Everyone in this sitcom is doing sly, excellent work. In one installment, Sean and Beverly were driving a drunken Matt home from a dive bar, and as he was leaning forward from the back seat to thank her for caring enough to come get him, he vomited -- just a bit -- on her shoulder. Her silent, bug-eyed expression was howlingly funny, and is something I'll not soon forget.

I won't reveal the ending of Sunday's season finale. I will say, though, that it provides room for future plot lines. And that, while it made me laugh out loud, it also made me feel the pain of certain characters, and to worry about what will happen to next. That's one reason I want more episodes of Episodes: I care about these people.

But most of all, I care about quality TV. And Episodes certainly is that. As both a satire of the TV industry and a comedy about marriage, it's superb -- and it's just the sort of show that adds to Showtime's already swelling reputation.




Mara said:

Episodes, ironically, feels like a good English sitcom to me. it's why I prefer Gervais' The Office to our American version and why I would probably prefer Lyman's Boys to Pucks!. it appreciates the subtleties of human interactions and quirks and has the patience to let them provide the laughs.

I look forward to the finale and to the second season--whenever it arrives. (and it had better!)

Comment posted on February 18, 2011 5:38 PM

Hans W said:

Just a note David, you noted Jeffrey Klarik on Mad About Friends, I believe you meant Mad About You.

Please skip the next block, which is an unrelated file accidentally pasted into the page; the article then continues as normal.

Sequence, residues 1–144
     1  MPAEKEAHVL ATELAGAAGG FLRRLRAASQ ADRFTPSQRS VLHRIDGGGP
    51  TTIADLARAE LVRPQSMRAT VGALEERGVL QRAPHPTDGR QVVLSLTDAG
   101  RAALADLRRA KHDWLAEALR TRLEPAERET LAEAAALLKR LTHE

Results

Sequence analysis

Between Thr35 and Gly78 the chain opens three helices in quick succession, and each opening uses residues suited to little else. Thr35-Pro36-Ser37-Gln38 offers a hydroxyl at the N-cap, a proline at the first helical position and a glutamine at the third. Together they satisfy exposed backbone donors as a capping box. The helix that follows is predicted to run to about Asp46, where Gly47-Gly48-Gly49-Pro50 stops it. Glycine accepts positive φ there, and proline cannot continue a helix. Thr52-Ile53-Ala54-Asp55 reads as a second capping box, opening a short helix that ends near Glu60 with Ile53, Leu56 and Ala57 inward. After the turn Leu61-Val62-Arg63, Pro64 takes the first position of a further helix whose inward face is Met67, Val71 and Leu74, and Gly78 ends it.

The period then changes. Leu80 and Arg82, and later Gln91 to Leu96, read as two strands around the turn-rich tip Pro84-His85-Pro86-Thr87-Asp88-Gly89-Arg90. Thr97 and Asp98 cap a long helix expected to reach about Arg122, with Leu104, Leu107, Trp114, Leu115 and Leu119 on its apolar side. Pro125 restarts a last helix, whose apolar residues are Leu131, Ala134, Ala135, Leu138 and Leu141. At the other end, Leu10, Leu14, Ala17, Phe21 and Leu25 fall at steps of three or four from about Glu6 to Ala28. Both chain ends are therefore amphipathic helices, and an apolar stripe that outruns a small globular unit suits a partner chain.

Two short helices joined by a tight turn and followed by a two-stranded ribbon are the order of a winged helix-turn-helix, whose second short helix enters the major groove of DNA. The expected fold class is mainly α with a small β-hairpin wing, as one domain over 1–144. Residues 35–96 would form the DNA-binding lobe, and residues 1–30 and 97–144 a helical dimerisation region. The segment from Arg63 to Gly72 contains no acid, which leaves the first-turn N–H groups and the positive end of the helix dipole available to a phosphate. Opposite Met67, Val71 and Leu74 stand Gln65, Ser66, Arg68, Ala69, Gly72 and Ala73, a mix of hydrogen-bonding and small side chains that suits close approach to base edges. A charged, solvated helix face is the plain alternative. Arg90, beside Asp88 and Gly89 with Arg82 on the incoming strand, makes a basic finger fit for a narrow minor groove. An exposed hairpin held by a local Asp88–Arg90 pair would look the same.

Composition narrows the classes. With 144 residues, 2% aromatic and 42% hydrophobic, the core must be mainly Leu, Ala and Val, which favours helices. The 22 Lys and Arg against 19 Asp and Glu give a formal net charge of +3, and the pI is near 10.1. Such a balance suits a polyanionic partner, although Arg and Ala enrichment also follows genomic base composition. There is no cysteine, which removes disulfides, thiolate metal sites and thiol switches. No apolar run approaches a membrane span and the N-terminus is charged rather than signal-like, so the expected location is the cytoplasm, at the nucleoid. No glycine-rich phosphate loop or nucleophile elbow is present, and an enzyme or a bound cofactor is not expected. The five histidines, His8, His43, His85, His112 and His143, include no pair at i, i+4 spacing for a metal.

[Absolutely right. He who is his own copy editor has a fool for a client... Thanks. I'll fix. -- DB]

Comment posted on February 20, 2011 6:42 PM

LMG said:

I wholeheartedly agree. This show for me was brilliant and screamingly funny. I thought all brought their A-game. I was enthralled and breathlessly eager for a second season.

Comment posted on February 21, 2011 4:29 AM

Thomas Ehlert said:

I feel humiliated for Matt LeBlanc. Every line is so obvious, the re-ocurring guard at the gate and front door alarm are sad.
The stereotypic head of the network is beyond lame and the fact the head of comedy never smiles isn't funny at all.
It's like watching a bad automobile accident, you can't look but you can't look away to see what the next predictable scene will be. Difficult for me to believe this show comes back, even more difficult to believe they ever put it on the air in the first place.
Take Matt out of the show and I'm guessing they would have never bothered making a pilot.

[What can I say? We really, REALLY disagree on this one. Even the head of comedy always scowling strikes ME as hilarious. But with comedy, especially, all things are relative -- so thanks for voicing your contrary opinion so politely. -- DB]

Comment posted on February 21, 2011 6:59 PM

Chris said:

Smart, witty, knowing but not smug, superbly played and brilliantly paced. For me it has jumped straight into the top echelon of TV comedy such as The Office (UK), 30 Rock, Fawlty Towers, and The Fast Show (UK).

There can be no higher praise.

: )

Comment posted on February 22, 2011 5:20 AM
Leave a Comment: (No HTML, 1000 chars max)
 Name (required)
 Email (required) (will not be published)
Type in the verification word shown on the image.

This Day in TV History